I was very impressed with some of the other clients I met, including a restaurant owner who had greatly expanded his business through a series of FINCA loans. He’s also banking his savings with us. We’re giving him the additional service of actually coming out to his restaurant at the close of each business day to collect his bankable revenues, make it more convenient and safer for him. That’s the new FINCA Customer Experience at work!
Another client has a water purification business. He borrowed several thousand dollars from us to buy and install the equipment, and now his business is expanding rapidly. He provides purified bottled water to both businesses and homes throughout Owerri, employing people both at the plant and in making the deliveries. It’s great to see FINCA creating quality, value-added jobs in the larger community.
Finally, I was surprised to discover that there is a trade association in the marketplace, something which I’ve not seen before. They manage the renting of the market stalls and so forth, and they are helping us to find new clients, because they know all the businesses and the ones that are looking to expand and need capital. An interesting new marketing channel, and one we might deploy in other countries.
While there I also had a very productive meeting with the central bank branch in Owerri, where we discussed our plans for future expansion. Lastly, we had a dinner with the staff and some of our largest clients on the savings side, to promote future business. All in all, it was a great trip, and I’m looking forward to my next one!
I got together with 20 of my fellow Peace Corps Volunteers this past weekend, down near the Mexican border on South Padre Island, a 10-mile long sand bar off the Gulf Coast of the Sovereign Republic of Texas. It had been 43 years since many of us had last seen each other, when we disbanded down in Guatemala and departed for our various points of the compass, most returning to the U.S., some remaining in Guatemala.
We first assembled in San Jose, California in 1971, a rag tag band of mostly draft dodgers, looking for a way to avoid becoming, as John Kerry put it so eloquently “The Last Man to Die for a Mistake in Vietnam.” From there we journeyed down to Colima, Mexico, and then on to Liberia, Costa Rica, where we learned enough Spanish and Agriculture to function in our roles as Extension Agents for the Guatemalan Cooperative Movement. Inevitably, some of us were taken to be Agents of another kind. But our little pueblos were forgiving and soon we became accepted members of the community, and endless fonts of amusement as we tried to adapt our gringo ways to those of a strange but fascinating culture.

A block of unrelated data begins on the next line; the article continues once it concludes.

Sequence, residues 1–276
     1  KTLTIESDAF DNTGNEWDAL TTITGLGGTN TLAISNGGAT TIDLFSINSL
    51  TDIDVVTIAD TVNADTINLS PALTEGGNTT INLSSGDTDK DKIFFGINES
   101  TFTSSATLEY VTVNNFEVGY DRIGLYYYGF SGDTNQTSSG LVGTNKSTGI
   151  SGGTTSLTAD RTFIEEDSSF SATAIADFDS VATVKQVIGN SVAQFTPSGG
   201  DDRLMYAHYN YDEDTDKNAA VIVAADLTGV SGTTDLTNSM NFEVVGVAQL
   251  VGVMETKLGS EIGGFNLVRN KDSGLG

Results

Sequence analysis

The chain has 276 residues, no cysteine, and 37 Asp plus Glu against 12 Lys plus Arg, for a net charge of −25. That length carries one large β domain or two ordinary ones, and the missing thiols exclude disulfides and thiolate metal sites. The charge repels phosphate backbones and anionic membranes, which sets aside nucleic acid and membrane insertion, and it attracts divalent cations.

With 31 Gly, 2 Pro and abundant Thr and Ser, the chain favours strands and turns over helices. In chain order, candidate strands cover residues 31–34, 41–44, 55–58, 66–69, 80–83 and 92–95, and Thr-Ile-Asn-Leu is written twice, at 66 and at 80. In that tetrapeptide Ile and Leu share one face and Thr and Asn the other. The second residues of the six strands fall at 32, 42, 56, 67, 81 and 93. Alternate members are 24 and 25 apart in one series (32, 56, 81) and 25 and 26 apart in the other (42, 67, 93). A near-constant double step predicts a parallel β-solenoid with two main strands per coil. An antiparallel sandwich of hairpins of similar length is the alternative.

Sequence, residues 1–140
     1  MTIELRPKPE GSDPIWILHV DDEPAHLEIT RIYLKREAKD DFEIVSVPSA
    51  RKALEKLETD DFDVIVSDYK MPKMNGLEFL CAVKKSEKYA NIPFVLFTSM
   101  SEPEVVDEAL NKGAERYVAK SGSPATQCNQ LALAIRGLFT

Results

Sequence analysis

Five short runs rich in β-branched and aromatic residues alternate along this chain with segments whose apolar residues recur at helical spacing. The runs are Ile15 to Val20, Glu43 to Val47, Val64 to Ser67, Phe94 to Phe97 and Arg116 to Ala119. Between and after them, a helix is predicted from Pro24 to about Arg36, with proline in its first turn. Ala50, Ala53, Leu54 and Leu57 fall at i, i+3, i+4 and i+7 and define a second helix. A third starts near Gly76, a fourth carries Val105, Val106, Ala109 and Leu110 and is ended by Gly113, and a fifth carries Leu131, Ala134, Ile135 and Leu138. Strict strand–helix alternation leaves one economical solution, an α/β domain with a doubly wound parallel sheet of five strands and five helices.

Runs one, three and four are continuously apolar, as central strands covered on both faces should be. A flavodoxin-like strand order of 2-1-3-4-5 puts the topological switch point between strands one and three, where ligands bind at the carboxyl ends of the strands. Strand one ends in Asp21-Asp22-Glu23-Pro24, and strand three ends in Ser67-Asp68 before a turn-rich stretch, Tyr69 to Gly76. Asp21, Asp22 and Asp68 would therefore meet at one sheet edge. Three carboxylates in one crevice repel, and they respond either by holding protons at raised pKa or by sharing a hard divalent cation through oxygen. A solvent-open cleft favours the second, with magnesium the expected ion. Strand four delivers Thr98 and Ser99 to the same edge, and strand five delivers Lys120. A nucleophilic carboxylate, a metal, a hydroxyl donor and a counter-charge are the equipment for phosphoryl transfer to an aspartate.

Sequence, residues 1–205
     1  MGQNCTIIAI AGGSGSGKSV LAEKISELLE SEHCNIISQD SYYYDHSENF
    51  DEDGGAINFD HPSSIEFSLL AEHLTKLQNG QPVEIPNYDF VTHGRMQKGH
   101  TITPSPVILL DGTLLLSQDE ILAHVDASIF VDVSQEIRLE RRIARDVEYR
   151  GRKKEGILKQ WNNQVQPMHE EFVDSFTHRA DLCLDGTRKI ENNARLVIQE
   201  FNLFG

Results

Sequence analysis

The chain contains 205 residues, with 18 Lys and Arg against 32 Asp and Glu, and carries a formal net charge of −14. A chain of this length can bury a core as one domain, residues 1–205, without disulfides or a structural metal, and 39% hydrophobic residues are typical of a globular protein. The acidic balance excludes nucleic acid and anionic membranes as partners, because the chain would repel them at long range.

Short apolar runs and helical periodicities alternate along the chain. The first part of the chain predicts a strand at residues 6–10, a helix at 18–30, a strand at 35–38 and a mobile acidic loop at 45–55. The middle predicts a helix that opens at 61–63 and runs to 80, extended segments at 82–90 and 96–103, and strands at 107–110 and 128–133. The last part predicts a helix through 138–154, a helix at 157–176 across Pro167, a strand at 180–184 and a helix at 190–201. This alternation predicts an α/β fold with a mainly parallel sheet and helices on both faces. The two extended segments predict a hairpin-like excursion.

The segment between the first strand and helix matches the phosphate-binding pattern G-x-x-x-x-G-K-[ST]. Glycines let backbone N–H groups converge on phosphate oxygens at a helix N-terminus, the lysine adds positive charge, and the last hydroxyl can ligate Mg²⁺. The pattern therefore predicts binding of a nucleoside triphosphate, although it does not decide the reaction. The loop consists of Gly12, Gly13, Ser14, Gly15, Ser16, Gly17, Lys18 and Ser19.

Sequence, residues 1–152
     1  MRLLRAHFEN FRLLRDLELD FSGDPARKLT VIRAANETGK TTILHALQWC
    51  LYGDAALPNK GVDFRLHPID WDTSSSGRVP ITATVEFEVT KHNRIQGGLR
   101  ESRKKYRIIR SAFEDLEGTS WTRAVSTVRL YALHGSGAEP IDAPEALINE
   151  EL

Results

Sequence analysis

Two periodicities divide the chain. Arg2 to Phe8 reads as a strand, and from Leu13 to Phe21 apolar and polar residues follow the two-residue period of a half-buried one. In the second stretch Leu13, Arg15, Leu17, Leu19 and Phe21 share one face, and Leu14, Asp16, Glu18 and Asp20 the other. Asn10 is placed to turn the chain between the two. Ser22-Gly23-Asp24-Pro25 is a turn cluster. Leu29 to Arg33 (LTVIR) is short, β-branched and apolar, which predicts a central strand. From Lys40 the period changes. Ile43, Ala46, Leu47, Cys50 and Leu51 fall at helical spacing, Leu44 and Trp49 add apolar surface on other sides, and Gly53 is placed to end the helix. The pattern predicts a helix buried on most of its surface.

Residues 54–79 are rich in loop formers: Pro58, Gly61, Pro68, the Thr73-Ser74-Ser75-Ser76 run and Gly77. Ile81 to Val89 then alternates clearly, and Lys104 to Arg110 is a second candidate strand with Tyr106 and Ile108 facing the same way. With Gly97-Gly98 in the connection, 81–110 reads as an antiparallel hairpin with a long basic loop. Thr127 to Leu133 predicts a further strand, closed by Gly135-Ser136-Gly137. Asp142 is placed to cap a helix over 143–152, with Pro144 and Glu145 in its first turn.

We had been separated geographically during our tour, spread over the country in small, isolated towns and hamlets at the terminus of dirt roads or sometimes cow paths where, during the rainy season, no truck or automobile deigned to enter. So it was we learned things about each other we hadn’t known during our tours, like the fate of Rico, who abruptly disappeared in the middle of our second year, having fallen afoul of the Guatemalan First Lady when he discovered she had been purloining money donated by Norteamericanos intended to buy bicycles for poor Guatemalan children. I shared the story of the time I was busted and nearly cashiered by the Deputy Director of the Peace Corps for riding my 125 cc Suzuki motorcycle on Pan American highway (prohibido), drunk and helmetless in the pouring rain, having chivalrously lent my helmet to my female companion riding on the back. Jacobo recounted his high-speed collision with a toro that had broken free of its bonds en route to the slaughter house, horning Jacobo off his motorbike with the skill of a jousting Knight in Days of Olde.